Phoseon describes UV LED curing sources as “high-tech electronics,” so the technology has blossomed with that of smartphones, laptops, tablets and televisions. During the technological boom, which has occurred between 2010 and 2017, UV LED sources have become more powerful, more efficient, more reliable and less expensive.
“UV LED curing technology has arrived,” the company says. “It is no longer an emerging technology but an enabling technology− one that is bringing a host of advanced capabilities to screen printing, flexographic and digital printing. These advances and new capabilities are helping industrial, graphics and specialty printing operations be more productive, versatile and energy efficient.”
Phoseon Technology believes it’s just a matter of time before UV LED cured low-migration inks, coatings and adhesives are widely adopted across global markets.
Low migration is a term used to describe the entire process of applying and curing specially formulated inks used in packaging such that there is minimal to no migration through the packaging materials and into the product. Low migration — also known as food safe process — is not exclusive to food packaging; it also extends to other products such as pharmaceuticals, cosmetics and pet products where uncured or migrating inks can negatively impact the product’s composition or odor.
Since 2004, EU Framework Regulation EC 1935/2004 requires low migration for all food packaging. While there are a variety of processes that can reduce migration levels, Phoseon Technology’s revolutionary UV-LED curing technology offers superior process stability and consistency, both top requirements for low-migration printing.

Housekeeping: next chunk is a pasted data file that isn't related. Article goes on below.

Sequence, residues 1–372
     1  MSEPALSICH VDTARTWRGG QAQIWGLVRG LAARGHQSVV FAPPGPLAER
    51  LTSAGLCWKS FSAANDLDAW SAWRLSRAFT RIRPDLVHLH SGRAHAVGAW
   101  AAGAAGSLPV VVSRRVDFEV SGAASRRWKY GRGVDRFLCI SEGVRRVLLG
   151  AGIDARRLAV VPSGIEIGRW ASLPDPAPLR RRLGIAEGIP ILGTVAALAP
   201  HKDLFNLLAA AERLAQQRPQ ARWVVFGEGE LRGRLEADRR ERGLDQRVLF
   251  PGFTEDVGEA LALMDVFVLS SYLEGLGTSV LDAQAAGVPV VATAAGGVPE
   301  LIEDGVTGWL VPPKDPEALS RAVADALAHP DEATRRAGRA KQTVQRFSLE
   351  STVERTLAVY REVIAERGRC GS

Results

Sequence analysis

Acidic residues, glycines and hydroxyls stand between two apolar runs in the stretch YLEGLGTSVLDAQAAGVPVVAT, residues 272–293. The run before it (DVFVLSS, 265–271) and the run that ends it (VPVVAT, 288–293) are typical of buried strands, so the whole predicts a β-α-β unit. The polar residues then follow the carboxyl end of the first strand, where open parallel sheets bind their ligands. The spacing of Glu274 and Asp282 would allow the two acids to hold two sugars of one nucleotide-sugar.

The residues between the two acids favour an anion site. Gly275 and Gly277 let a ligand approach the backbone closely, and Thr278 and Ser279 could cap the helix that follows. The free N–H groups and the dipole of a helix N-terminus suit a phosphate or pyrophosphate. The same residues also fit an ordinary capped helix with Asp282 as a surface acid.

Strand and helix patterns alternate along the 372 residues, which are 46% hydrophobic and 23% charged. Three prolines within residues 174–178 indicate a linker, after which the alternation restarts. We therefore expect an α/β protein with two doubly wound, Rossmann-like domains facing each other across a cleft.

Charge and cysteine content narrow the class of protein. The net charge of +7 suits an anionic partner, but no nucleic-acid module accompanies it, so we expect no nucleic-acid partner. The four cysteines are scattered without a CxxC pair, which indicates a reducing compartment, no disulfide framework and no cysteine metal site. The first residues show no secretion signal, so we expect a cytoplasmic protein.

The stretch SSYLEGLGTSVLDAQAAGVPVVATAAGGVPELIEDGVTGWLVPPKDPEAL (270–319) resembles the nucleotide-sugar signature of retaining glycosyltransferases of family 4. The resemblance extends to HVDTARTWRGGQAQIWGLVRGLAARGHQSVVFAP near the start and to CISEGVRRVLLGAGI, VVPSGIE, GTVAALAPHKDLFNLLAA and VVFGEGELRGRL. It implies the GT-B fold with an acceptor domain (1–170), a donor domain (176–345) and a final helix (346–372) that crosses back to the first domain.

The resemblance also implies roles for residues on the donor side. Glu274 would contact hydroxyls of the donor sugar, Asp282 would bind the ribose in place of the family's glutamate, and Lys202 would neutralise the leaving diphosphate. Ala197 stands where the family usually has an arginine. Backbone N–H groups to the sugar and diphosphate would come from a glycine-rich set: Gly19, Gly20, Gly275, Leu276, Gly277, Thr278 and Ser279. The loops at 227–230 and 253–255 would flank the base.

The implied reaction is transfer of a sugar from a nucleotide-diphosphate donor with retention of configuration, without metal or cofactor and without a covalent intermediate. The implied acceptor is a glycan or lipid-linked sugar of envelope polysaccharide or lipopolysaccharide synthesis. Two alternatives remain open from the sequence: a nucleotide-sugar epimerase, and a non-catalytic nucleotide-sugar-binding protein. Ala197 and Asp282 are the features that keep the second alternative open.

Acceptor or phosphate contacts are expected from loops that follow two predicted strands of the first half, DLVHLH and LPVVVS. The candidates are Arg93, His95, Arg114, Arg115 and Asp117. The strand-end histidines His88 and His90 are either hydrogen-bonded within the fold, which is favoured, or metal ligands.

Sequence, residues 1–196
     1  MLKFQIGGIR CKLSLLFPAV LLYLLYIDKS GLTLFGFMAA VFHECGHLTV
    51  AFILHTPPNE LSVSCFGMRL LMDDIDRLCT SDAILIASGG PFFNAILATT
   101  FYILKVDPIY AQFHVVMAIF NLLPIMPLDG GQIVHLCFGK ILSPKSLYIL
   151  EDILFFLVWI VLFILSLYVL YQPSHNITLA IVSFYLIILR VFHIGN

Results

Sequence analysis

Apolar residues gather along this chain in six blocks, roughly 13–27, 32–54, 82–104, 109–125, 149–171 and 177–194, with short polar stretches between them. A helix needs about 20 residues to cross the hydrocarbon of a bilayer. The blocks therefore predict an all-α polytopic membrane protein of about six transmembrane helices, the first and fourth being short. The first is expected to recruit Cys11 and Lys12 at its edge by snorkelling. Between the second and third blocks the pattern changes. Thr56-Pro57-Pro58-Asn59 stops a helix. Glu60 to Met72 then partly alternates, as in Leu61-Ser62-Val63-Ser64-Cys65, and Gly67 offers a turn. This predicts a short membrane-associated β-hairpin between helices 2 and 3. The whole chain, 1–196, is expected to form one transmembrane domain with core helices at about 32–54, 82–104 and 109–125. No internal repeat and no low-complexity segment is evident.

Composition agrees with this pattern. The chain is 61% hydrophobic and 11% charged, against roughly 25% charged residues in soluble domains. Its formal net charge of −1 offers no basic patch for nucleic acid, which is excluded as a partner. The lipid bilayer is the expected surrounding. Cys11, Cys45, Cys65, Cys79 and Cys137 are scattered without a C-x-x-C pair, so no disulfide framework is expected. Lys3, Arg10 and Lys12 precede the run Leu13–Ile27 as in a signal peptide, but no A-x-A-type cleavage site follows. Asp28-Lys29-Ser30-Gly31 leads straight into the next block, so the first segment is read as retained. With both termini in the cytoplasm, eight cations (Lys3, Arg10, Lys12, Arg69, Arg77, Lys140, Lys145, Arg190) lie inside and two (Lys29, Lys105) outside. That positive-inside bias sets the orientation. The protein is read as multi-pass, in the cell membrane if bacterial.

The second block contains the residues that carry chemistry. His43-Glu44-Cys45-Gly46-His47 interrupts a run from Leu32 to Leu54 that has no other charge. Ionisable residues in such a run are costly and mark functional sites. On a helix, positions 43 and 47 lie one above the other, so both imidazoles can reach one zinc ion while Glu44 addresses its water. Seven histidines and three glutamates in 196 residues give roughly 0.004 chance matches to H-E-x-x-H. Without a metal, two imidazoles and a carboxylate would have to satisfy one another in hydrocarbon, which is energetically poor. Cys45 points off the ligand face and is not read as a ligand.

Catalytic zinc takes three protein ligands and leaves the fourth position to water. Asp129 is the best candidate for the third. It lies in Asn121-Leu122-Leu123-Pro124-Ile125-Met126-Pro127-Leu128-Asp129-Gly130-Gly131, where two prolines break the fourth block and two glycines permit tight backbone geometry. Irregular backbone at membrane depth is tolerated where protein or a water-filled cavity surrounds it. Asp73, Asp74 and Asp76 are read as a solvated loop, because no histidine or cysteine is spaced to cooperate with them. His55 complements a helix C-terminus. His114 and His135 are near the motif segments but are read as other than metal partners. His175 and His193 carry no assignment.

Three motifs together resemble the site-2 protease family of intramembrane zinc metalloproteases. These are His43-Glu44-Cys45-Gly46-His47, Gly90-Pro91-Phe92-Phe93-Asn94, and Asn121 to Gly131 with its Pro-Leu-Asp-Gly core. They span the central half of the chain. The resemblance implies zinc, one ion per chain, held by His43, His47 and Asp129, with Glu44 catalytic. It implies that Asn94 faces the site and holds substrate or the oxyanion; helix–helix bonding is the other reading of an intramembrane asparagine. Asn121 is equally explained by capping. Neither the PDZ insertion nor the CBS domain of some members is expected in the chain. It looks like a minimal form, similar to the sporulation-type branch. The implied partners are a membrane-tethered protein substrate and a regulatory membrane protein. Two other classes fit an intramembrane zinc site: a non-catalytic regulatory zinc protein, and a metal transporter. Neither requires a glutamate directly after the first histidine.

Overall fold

“The UV output of LED curing equipment is much more stable over time compared with conventional mercury based systems. This results in greater process control when used to crosslink inks, coatings and adhesives in low-migration processes,” said Jennifer Heathcote*, global business development manager at Phoseon Technology.
UV LED curing is becoming increasingly more viable for decorating applications spanning printed labels, flexible and shrink films, rigid containers, and carton and corrugated board. In addition to its quick-drying capabilities, UV LED curing creates less heat transfer to the substrate, thereby, eliminating or significantly reducing any damage to the print surface.
“That’s a critical benefit, especially when printing on heat-sensitive plastic films often used in food packaging,” said Heathcote.
Heathcote notes that while there are upfront costs to switch to UV LED curing for food safe process printing, companies often quickly recoup their investment. UV LED curing technology has no moving or consumable parts which significantly reduces down-time for maintenance and repairs. UV LED systems last longer and can reduce energy consumption by up to 70 percent compared with traditional arc lamps. In addition, UV LED curing does not contain mercury, which is used in conventional lamps, making for a safer environment and workplace.
Artist? Scientist? Glass artist Sidney Hutter, of Auburndale, Massachusetts, considers himself to be both.
“I use science to make my art,” he said. “The pieces are sculpture, 3D and a continually changing sculpture depending on the viewer’s angle is what I wanted. One of the things people who collect my work say is that, depending on the angle, you can look right through the piece and not see any of the color or adhesive. Change the angle of view by 20 or 30 degrees, and you see something different. It depends on the angle perspective from where the viewer is standing.”
Hutter, who has been working with glass since 1974, blends art with the science related to glass properties, use of dyes and pigments, coatings and UV cure. As a graduate student, he was forced to change the way he approached glass art after a fire in the studio eliminated his ability to blow glass, so he began gluing glass pieces together.
“I started using UV-cured adhesives in the early ’80s and, prior to that, used anaerobic adhesive,” he explained. “The technology has continually evolved over the years.”
Hutter began curing adhesive under a fluorescent black light, but the low UV output resulted in a long cure time. In addition, it would only cure a single layer. He developed a pre- and post-cure system that allowed for the spot cure of multiple layers with a low-intensity UV lamp, then cleaning the piece and full curing with a higher intensity UV.